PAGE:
The Rolex Capri Sailing Week ended today in a fading breeze, but with no reduction in the entertainment value or the intensity on the water.
The weekend visitors to this magical island were rewarded with fine weather and the spectacle of thirty-nine well-sailed yachts competing on the deep blue waters of the Golfo di Napoli.
Clearly those who favoured light airs had prayed harder to the wind gods overnight and were rewarded with flat water and a breeze that hardly strayed into double figures. Only one overnight leader managed to hang onto their lead, the two others tripping at the last fence. All classes sailed on a windward/leeward course; the Maxi Class sailed one 8.2-mile race, the Comets sailed one 6.5-mile race whilst the Swan 45s sailed that distance twice.
The eventual winners were: Neville CRICHTON's 30.5 metre Reichel-Pugh designed Alfa Romeo in the Maxi Class, Maurizio BISCARDI's Comet 45S Libertine in the Comet Class and Glynn WILLIAMS' WISC in the Swan 45s.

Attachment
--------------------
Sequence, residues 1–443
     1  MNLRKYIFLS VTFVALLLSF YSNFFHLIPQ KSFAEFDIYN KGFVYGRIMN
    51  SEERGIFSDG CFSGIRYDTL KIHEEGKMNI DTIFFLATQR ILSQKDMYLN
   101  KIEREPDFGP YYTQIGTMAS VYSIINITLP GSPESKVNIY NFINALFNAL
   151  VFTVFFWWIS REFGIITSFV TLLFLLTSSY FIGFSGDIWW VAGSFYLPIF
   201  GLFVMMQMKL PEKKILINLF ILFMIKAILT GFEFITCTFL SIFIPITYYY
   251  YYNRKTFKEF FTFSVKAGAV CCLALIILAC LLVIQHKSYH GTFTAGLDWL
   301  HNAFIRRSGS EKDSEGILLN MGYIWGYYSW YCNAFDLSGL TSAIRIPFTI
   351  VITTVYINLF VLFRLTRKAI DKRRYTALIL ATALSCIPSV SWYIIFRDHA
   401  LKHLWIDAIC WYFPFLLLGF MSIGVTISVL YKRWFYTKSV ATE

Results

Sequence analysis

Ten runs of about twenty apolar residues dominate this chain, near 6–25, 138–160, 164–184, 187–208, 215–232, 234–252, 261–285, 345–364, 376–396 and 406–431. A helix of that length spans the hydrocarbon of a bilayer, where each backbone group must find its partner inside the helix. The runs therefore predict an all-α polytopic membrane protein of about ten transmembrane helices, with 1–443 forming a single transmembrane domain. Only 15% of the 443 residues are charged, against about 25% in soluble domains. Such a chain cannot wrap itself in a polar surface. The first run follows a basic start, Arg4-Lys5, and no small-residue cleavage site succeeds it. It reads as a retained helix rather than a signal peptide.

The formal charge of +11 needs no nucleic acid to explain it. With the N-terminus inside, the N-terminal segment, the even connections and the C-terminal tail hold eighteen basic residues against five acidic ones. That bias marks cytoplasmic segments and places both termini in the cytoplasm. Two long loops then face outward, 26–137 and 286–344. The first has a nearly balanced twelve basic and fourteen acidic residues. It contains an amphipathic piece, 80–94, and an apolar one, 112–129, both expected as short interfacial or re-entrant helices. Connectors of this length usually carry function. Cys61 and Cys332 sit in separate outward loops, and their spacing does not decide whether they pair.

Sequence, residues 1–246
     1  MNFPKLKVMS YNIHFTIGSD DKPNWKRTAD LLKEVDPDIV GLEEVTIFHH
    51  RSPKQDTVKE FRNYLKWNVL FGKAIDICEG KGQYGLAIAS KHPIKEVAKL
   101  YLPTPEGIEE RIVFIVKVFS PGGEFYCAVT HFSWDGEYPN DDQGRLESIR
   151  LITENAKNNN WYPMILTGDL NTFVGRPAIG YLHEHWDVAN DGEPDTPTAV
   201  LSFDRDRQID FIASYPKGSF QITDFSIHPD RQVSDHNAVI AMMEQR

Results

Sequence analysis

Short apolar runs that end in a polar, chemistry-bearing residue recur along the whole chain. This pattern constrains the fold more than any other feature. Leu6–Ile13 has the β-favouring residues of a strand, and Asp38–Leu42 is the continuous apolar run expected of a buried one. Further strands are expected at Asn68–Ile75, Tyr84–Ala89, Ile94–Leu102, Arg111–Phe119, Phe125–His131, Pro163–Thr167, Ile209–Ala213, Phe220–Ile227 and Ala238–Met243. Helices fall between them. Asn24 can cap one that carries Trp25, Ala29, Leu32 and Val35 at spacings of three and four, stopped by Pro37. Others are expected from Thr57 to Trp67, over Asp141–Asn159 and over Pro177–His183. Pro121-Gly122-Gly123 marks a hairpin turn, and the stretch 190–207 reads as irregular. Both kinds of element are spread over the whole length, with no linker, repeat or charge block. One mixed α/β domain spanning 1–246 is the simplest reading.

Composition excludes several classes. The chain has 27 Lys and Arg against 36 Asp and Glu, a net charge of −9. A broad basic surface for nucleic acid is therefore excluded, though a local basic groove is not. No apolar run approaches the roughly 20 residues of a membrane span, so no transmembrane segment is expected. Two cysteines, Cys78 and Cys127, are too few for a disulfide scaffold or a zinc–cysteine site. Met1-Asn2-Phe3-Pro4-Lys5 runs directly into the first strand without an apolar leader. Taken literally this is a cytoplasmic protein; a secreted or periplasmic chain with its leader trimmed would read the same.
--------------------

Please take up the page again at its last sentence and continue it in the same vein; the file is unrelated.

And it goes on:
The best action was in the nineteen-boat Swan 45 owner-driver, one-design class. Three boats went into the last day with a shout at the title. Hendrik BRANDIS and Christian NAGEL's Earlybird held the advantage - a six-point cushion over WISC, which in turn had nine points on Marco SALVI's Vertigo. At the end of the first race, Earlybird was the one showing signs of nerves, arriving fifteenth at the first windward mark and never recovering. Vertigo, by contrast, had a storming race grabbing second place on the first beat and avoiding any mistakes to finish the race behind Stephano MASI's Ulika, which led from start to finish. WISC moved up from seventh place on the initial leg to finish fifth. The standings were now: WISC 42-points, Vertigo 46-points and Earlybird 48-points. Plenty still to play for. All three boats had shown themselves capable of race winning performances this series and equally all were capable of a relative shocker that would put them out of the running.
In the end, it was the British crew of WISC that came out on top. The Germans on Earlybird were not able to reignite the spark that had secured them two bullets yesterday. Fifteenth at the first windward mark on the second race was not going to be good enough, with WISC lying in third and Vertigo in seventh. Still, three legs still to go and lots of traps to fall into with a light and shifting breeze. Earlybird did manage to move up the rankings to post a tenth. The Italians on Vertigo, however, were doing even more and Vasco VASCOTTO